25 Jan Firing up some controversy on Australia Day
Meat and Livestock Australia are nothing if not predictable. Another Australia Day, another infamous lamb advert hitting the screens as the country prepares for barbeques, backyards and beers on Australia Day.
The latest provocation from the MLA begins with three Indigenous Australians on the coast finding the perfect spot to ‘fire up the barbie’. All of a sudden a European invasion is upon them, boats reaching the shore one by one – Great Britain, France, Germany, China, Italy, Greece – the list goes on.
As always, the annual MLA ad is designed to get people talking. “Forever, mate,” responds an Indigenous man when asked how long he’s been here by a representative of the French contingent. Then there are the diverse guest appearances from Cathy Freeman, Adam Gilchrist, Poh Ling Yeow and Wendell Sailor. It also throws in a couple of vegan jokes.
And as always, it’s worked. For some it is a light-hearted commercial poking fun at the country’s history of immigration. For others it is culturally insensitive or offensive. Everyone in the country has an opinion, and they’re as diverse as the hundreds of actors and extras filling the ad. Which is really the point. When it comes to marketing strategies, MLA has been known to push boundaries. One of last year’s MLA advertisements received a total of 747 complaints (if you can’t remember, that was the one where the ubiquitous Lee Lin Chin acted as commander of “Operation Boomerang”, an effort to rescue thousands of Australians stranded overseas so that they will be able to eat lamb on Australia Day). And its 2016 spring campaign tackled the notion of white media – lamenting all the ‘perky white males’ contributing to a lack of diversity on our screens by replacing television presenter Luke Jacobz with an Indian-Australian host and featuring personalities from a range of backgrounds including Greek transgender comedian Jordan Raskopoulos and actor Arka Das.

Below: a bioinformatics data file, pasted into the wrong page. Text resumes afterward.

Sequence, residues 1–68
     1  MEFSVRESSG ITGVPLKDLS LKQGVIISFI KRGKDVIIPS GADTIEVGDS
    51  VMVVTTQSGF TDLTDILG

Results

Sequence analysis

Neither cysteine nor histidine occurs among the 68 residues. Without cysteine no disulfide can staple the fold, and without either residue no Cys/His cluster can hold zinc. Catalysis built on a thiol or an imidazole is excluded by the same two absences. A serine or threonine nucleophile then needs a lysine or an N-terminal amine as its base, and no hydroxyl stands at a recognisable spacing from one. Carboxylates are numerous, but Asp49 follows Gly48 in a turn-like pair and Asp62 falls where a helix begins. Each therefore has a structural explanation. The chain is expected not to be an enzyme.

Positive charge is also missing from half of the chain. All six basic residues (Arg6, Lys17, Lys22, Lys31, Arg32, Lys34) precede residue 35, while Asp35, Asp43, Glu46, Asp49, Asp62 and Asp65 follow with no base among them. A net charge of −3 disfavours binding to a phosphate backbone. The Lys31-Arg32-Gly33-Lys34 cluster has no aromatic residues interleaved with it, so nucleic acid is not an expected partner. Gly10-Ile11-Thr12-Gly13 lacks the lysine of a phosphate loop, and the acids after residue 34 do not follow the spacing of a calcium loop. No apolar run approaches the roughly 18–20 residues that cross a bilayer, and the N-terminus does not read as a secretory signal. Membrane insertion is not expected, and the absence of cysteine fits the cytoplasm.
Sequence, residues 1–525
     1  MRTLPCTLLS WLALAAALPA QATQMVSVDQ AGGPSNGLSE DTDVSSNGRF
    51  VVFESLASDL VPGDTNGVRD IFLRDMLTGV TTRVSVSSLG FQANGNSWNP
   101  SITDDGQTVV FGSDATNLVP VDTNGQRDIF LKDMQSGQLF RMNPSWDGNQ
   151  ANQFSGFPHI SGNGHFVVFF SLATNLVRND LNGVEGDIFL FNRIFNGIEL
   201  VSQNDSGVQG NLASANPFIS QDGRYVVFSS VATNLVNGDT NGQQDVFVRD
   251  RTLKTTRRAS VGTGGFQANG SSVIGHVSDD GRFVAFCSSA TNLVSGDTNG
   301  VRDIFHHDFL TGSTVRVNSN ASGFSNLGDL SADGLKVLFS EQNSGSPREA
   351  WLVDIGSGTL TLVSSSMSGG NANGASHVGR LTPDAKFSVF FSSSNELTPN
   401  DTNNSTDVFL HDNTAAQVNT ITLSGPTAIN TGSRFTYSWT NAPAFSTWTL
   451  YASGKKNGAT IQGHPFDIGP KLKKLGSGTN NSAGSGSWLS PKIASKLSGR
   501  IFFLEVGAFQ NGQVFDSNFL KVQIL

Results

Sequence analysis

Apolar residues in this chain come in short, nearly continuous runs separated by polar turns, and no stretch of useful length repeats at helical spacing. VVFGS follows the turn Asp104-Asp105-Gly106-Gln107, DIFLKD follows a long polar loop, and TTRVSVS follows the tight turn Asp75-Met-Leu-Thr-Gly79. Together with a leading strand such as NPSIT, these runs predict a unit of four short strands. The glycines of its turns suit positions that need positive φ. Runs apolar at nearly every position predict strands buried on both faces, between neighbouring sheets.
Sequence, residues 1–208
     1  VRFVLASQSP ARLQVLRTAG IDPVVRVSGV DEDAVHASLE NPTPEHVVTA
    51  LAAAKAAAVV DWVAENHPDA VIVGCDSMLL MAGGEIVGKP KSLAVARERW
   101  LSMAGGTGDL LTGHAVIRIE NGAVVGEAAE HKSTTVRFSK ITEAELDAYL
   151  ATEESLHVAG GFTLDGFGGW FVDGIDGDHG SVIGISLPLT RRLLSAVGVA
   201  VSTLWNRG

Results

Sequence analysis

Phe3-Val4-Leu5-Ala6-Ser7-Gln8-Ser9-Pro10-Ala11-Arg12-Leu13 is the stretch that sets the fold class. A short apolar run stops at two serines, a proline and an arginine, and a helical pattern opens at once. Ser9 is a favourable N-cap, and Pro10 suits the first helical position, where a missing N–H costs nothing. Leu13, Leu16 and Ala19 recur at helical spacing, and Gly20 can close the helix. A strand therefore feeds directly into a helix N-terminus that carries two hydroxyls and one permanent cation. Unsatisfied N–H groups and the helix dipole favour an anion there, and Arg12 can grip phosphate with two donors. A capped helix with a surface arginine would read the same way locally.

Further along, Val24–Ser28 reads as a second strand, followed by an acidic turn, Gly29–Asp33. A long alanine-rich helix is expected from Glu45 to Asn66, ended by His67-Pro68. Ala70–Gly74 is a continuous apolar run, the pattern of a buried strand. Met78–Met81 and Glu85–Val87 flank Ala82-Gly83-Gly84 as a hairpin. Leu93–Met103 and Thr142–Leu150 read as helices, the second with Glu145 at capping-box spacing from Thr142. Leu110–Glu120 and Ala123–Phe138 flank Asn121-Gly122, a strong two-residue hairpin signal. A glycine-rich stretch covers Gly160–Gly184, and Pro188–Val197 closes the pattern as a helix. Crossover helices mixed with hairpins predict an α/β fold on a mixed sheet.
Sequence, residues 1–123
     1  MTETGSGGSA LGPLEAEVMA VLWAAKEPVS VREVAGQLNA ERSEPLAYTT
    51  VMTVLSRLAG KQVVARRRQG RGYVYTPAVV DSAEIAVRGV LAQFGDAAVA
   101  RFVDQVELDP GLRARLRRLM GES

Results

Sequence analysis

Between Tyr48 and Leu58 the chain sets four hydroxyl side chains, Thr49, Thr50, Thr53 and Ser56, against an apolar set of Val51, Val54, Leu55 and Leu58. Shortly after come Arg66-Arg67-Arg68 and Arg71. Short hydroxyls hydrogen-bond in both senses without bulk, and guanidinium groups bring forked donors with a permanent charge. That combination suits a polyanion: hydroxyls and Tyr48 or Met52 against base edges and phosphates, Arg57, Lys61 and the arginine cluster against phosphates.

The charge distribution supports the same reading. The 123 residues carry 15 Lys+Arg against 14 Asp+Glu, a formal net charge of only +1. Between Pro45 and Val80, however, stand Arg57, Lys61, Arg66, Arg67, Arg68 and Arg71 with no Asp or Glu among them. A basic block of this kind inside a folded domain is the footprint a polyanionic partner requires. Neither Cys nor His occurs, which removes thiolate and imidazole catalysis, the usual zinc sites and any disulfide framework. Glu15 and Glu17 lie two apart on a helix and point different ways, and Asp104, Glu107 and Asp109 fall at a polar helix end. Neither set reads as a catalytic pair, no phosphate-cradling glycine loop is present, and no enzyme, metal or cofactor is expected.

MLA marketing manager Andrew Howie states that their work is never “designed to be offensive” but rather it seeks “talkability” and aims to spread the message of diversity. It believes that Australian advertising should be brave, take risks and “stop being too sensitive”. Howie states that the message is clear ‘we are all the same and we all arrived here somehow’.
Regardless of your opinion, the public discussion that has erupted yet again ensures that MLA ads are here to stay for the foreseeable future. They are fast becoming a key feature of Australia Day, as simultaneously reviled and celebrated as that proverbial “shrimp on the barbie”.